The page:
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National Songs, Ballads, and other Patriotic Poetry, Chiefly Relating to the War of 1846 (1846, Compiled by William M'carty)

NATIONAL SONGS, BALLADS, AND OTHER PATRIOTIC POETRY, CHIEFLY RELATING TO THE WAR OF 1846 (1846, Compiled by William M'carty)


The phrase "Manifest Destiny" was first coined in 1845 by newspaperman John O'Sullivan to celebrate the annexation of Texas as evidence of the nation's imperative to settle every corner of a "continent allotted by Providence." A general rubric for the different expansionist sentiments of the middle 1800s, Manifest Destiny envisioned the United States sowing industry, democracy, and freedom in the lands it settled. And while some criticized Manifest Destiny as a pro-slavery tactic, few doubted that in time the United States would spread out to cover all of North America.

Never an official political doctrine, the notion of Manifest Destiny nonetheless made it plausible for the United States to seize upon an 1846 border dispute in Texas as a premise to declare war on Mexico and thereby gain much of California, Nevada, Utah, Arizona, New Mexico, and Texas. The war was initially popular in the United States, and the songs reprinted here show the depth of the nation's expansionist spirit. One song boasts of the nation's willingness to defend its borders, no matter how far-flung. Another song describes the United States' mission to repel European insolence and depredation by leading the rest of the world in the cultivation of freedom. A final song declares that "freedom's pilgrim sons" fight not for individual gain but for the good of all humankind.

These songs, like those of other popular wars, ignore the violence and duplicity with which wars achieve a nation's goals and instead invoke an image of undiluted moral superiority in the nation's political and military actions. That the United States invaded and conquered the territory of another, sovereign nation during the Mexican-American War is understandably left out of these songs.

Mark D.Baumann,
New York University

See also Mexican-American War ; Music: Early American .

2 Song of The Memphis Volunteers. Air—"Lucy Neal."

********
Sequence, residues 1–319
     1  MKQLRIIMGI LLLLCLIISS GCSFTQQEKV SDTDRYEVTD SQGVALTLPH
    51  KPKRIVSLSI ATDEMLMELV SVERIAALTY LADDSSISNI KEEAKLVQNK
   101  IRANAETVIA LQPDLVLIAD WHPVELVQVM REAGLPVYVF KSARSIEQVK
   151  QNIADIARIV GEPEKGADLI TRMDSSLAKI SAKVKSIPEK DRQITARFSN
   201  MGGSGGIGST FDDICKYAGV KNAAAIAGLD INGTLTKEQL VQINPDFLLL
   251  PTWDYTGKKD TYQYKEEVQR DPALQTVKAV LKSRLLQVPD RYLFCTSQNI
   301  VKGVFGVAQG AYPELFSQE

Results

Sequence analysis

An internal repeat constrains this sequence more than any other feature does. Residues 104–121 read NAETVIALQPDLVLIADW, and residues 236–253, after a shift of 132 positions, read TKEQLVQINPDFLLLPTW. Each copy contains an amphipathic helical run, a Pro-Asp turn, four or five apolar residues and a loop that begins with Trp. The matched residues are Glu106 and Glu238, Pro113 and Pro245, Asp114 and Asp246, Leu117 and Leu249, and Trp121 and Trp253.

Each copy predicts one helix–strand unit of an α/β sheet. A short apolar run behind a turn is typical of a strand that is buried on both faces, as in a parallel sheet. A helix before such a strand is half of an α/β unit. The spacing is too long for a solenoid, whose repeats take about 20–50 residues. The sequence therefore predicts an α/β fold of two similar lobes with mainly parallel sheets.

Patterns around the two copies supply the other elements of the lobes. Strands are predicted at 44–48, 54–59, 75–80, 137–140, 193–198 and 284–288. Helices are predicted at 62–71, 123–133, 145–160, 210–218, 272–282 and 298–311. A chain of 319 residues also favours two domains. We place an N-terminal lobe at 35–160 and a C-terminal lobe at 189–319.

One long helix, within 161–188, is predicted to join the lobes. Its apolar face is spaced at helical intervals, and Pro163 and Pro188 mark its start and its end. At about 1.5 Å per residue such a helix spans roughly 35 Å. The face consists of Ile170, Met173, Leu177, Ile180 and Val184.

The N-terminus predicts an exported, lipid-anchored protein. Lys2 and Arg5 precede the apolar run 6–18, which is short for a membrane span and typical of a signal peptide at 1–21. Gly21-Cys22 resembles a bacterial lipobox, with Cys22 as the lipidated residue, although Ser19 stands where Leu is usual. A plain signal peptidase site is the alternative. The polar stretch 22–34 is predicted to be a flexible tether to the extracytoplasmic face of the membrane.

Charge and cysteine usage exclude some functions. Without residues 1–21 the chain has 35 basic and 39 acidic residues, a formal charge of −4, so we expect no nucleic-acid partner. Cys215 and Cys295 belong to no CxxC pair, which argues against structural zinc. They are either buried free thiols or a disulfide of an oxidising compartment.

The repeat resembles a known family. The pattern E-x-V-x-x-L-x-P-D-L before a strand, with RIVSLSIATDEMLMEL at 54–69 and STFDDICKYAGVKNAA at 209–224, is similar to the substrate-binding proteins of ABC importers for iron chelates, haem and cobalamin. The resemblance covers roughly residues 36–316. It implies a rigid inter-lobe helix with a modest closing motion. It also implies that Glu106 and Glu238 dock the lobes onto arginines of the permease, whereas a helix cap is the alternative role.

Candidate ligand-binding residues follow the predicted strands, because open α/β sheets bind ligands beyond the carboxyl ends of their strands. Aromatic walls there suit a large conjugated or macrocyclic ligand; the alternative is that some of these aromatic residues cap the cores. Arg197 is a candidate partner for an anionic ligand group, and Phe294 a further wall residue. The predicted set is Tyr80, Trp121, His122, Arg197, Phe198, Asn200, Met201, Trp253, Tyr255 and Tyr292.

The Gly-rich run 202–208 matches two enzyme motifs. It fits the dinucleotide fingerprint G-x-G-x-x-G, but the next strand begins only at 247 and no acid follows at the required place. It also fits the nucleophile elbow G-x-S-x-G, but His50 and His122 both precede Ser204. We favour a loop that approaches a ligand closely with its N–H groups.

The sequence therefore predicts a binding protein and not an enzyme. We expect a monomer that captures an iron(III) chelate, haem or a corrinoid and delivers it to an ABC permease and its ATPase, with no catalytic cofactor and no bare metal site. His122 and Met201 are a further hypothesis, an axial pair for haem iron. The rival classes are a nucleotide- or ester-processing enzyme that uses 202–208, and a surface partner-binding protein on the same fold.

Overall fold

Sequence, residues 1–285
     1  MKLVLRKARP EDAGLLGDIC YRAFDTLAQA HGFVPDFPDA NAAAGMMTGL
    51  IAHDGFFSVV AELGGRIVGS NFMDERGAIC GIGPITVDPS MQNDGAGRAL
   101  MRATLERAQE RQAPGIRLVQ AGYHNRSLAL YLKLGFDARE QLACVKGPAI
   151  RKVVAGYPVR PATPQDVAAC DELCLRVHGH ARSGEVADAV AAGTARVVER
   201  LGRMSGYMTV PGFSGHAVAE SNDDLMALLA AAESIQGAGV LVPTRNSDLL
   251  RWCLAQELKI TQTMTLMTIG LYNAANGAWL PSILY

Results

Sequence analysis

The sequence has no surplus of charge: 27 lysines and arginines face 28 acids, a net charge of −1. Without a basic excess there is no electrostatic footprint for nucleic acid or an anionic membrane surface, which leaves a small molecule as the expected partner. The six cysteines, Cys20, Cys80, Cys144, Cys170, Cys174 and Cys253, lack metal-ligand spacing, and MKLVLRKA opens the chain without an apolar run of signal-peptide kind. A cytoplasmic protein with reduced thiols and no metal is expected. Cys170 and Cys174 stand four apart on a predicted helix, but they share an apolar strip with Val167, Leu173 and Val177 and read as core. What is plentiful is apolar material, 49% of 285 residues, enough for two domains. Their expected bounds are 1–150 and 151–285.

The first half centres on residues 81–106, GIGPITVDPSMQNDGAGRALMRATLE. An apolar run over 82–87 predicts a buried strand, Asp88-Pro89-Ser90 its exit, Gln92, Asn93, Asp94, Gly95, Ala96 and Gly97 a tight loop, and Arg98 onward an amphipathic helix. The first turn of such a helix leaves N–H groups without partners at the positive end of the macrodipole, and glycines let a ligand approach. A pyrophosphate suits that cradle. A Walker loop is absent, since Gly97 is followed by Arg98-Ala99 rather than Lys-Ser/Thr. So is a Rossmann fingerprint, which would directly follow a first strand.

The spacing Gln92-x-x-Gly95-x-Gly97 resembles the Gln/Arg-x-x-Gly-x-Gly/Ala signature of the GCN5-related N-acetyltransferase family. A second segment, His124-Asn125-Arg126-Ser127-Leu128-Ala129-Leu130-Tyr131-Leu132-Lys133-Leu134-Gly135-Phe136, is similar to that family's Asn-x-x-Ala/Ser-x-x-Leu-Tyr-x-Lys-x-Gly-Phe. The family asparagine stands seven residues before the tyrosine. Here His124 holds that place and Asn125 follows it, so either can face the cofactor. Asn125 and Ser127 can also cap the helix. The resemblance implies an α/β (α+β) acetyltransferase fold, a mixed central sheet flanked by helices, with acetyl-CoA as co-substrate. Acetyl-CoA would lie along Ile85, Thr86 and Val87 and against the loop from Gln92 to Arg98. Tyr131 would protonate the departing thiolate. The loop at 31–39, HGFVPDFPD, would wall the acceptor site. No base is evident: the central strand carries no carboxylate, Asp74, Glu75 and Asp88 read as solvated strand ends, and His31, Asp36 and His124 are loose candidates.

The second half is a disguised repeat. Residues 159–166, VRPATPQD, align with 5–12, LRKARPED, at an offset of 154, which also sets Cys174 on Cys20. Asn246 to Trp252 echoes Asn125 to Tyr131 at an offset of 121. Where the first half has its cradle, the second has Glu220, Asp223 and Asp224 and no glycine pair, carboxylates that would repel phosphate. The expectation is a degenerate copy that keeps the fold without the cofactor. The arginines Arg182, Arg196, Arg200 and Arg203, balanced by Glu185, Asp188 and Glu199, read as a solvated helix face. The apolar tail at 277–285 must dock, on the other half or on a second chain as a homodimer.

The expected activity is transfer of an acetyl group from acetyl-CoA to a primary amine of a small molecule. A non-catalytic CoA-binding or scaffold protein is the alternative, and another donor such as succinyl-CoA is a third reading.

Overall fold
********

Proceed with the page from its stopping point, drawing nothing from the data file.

ONE mornin' bright and early,
De news came safe to hand,
Dat de Mexicans ten thousand strong,
Had cross'd de Rio Grande!
O, de Rio Grande, O, de Rio Grande,
We would we were upon your banks,
Wid rifle in our hand.
We'd raise de barrel to our eye,
Take trigger in de hand,
Some Memphis thunder soon dey'd hear,
Or leap de Rio Grande.
O, de Rio Grande, &c.
O, Memphis is a mighty place,
Can raise a fightin' band,
Dat soon are ready for a march
To rescue Rio Grande.
O, de Rio Grande, &c.
Wid bosoms to de shock ob war
Boldly we would stand,
And dar present a noble front
On de riber Rio Grande
O, de Rio Grande, &c.
We are waitin' for our orders
To shake our true lub's hand,
To shed a tear—then haste away
To rescue Rio Grande.
O, de Rio Grande, &c.
Now ladies will you remember,
If we fall as soldiers should,
To shed for us a secret tear,
A tear of gratitude.
And now for de Rio Grande,
And now for de Rio Grande,
We would we were already dere,
Wid rifle in our hand.
Our thanks now to de Memphis gals,
For de flags under which we stand,
And when dey hear from us again,
'Twill be from de Rio Grande.
We are bound for de Rio Grande,
We are bound for de Rio Grande,
We would we were already dere,
Wid rifle in our hand.

23 They Wait For Us.

ORIGINAL.

THE Spanish maid, with eye of fire,
At balmy evening turns her lyre
And, looking to the Eastern sky,
Awaits our Yankee chivalry
Whose purer blood and valiant arms,
Are fit to clasp her budding charms.
The man, her mate, is sunk in sloth—
To love, his senseless heart is loth:
The pipe and glass and tinkling lute;
A sofa, and a dish of fruit;
A nap, some dozen times by day;
Sombre and sad, and never gay,
He seems accursed for deeds of yore,
When Mexico once smoked with gore:
The blood of many a patriot band,
Shed by invaders of their land,
Who now, by quick avenging time,
Are vanquished by the subtile clime,
Which steals upon the manly mind
As comes "miasma" on the wind.
An army of reformers, we
March on to glorious victory;
And on the highest peak of Ande,
Unfurl our banners to the wind, Whose stars shall light the land anew,
And shed rich blessings like the dew

59 Wave, Wave, the Banner High.

Tune—"March to the Battle Field."

WAVE, wave the banner high,
And onward to the field, boys,
By its true blue of the sky,
We ne'er will Texas yield, boys;
Each plain and wood,
Stained by the blood,
Of freedom's pilgrim sons, boys,
There Houston led,
And Crockett bled, And brav'd the tyrant's guns, boys.
Then wave, wave, &c.
All Europe's haughty powers,
Have owned her a nation,
And we have made her ours,
By the annexation.
A land so fair,
Shall foemen dare,
To crush or to enslave, boys, No, by our veins,
We'll free her plains,
And dig each tyrant's grave, boys.
Then wave, wave, &c.

SOURCE: M'Carty, William, ed. National Songs, Ballads, and Other Patriotic Poetry, Chiefly Relating to the War of 1846. Philadelphia: Published by William M'Carty, 1846.

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